Drop inside and you'll find a cabin that in this revised model has been upgraded with higher quality seat coverings, smarter trim and chromed control panels, plus there are re-styled instrument dials. Otherwise, it's as you were, which means that, depending on the suspension chosen, you can find yourself sitting up to 80mm higher than you would in a comparable A-Class model. That means quite a commanding view out-front from a driving position easily perfected by wide adjustment possibilities for seat and steering wheel aided by plentiful head and shoulder room.
The GLA rides on a relatively short 2699mm wheelbase, so don't expect limousine-standard legroom in the rear seats. Luggage space is 421-litres with the seats in place and 836-litres with them folded down completely. A useful 'Load Compartment package' moves the rear seat backs to a more upright position, freeing up a further 60-litres of load space.
Market and Model
Mercedes-Benz takes safety extremely seriously and you only need to take a look at the GLA's standard safety equipment to realise that there aren't many in its class that can rival its attention to detail here. Standard-fit features include Attention Assist drowsiness detection and radar-based Collision Prevention Assist with adaptive Brake Assist, which now helps to protect against collisions from a speed of 4mph. This feature combines with the optional Distronic Plus to become Collision Prevention Assist Plus. This incorporates an additional function: when a danger of collision persists and the driver fails to respond, the system is able to carry out autonomous braking at speeds of up to 124mph, thereby reducing the severity of collisions with slower or stopping vehicles. The system also brakes in response to stationary vehicles at a speed of up to 18mph and is able to prevent rear-end collisions at speeds of up to 12mph.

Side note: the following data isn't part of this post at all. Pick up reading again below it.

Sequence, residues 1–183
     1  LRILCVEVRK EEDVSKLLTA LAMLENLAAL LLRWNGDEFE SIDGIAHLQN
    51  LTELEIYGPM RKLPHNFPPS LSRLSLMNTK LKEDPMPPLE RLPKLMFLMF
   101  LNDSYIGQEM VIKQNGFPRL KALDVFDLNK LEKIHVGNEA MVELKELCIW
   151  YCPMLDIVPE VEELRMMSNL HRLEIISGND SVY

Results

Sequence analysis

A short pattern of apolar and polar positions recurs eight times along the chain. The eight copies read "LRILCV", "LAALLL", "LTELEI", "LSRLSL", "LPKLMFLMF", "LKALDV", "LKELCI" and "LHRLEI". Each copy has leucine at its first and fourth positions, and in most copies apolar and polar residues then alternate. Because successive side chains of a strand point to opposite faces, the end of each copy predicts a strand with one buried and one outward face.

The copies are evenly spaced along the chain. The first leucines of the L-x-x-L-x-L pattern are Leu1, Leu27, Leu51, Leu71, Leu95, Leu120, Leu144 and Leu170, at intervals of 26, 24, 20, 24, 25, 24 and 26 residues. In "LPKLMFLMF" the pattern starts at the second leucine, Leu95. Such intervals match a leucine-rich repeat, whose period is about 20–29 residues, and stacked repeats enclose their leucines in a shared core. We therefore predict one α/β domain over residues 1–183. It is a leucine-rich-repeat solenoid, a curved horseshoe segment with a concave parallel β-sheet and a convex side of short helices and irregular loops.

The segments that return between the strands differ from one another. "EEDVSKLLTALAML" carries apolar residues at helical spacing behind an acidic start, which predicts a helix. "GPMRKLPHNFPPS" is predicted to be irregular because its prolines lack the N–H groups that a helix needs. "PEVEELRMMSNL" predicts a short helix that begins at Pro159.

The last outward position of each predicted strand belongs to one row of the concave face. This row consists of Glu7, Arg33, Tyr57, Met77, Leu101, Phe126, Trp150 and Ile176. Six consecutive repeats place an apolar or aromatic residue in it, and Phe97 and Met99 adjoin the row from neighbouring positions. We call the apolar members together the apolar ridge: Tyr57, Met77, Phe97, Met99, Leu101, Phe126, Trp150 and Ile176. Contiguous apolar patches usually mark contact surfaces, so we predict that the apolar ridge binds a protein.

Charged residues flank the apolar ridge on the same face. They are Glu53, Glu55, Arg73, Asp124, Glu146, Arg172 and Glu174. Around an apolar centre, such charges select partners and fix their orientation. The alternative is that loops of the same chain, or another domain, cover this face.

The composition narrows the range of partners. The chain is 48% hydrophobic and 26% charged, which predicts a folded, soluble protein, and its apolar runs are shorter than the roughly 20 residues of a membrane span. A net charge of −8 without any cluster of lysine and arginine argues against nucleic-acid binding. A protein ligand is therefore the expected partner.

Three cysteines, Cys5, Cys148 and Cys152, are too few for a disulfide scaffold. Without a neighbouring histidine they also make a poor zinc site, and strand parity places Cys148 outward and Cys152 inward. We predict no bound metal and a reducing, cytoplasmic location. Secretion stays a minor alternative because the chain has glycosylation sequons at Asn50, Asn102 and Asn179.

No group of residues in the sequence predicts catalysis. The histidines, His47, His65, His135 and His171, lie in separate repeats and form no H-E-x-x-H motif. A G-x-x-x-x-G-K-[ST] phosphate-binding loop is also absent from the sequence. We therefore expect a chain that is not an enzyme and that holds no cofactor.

Prices for the 177bhp 220d variant start at around £32,000, so you're looking at just over £2,500 more than an equivalently specified automatic GLA 200d diesel model. That doesn't seem bad value given that you're getting 4WD and another 34bhp.
Cost of Ownership
Mercedes has worked extremely hard to make this GLA one of the cheapest cars to run in its class, efforts aided by the fact that all the engines on offer feature direct injection and turbocharging, plus an ECO start/stop system that cuts the engine when you don't need it, stuck in traffic or waiting at the lights. There's also an ECO setting for the 7G-DCT 7-speed automatic gearbox, a slippery 0.29 Cd drag factor, plus intelligent management of engine ancillaries like the alternator, the oil feed and the water pump and low rolling resistance tyres.
As a result, it's hard to argue with the numbers generated by this GLA, figures that aren't very different from those of its Mercedes A-Class design stablemate, despite this car's extra 40kg of weight. Even with 4WD and an auto gearbox, this GLA220d 4MATIC returns 56.5mpg and emits just 130g/km. That's nearly 10% better than you'd get from a rival BMW X1 xDrive 20d auto and around 15% better than the kind of directly comparable Audi Q3 2.0 TDI 184PS quattro S tronic model that would pitch a company car driver two tax bands further up.
It's genuinely hard to see how the Mercedes-Benz GLA can fail, provided you can afford the asking prices. While some may find its SUV styling a little too toned down for their tastes, it's far from agricultural which may very well be its appeal to urban buyers.
As for this GLA 220d variant, well it's probably the one to have in the range - and it certainly looks a good choice in its segment with better running costs and a larger boot than its rivals. A very smart four-wheel drive system that has largely been borrowed from the A45 AMG gives the GLA true all-weather ability and an unparalleled array of safety gear give this car five star family credentials. Where's the catch? The pricing could be about the only one.
Mercedes-Benz GLA 220d 4MATIC review by Jonathan Crouch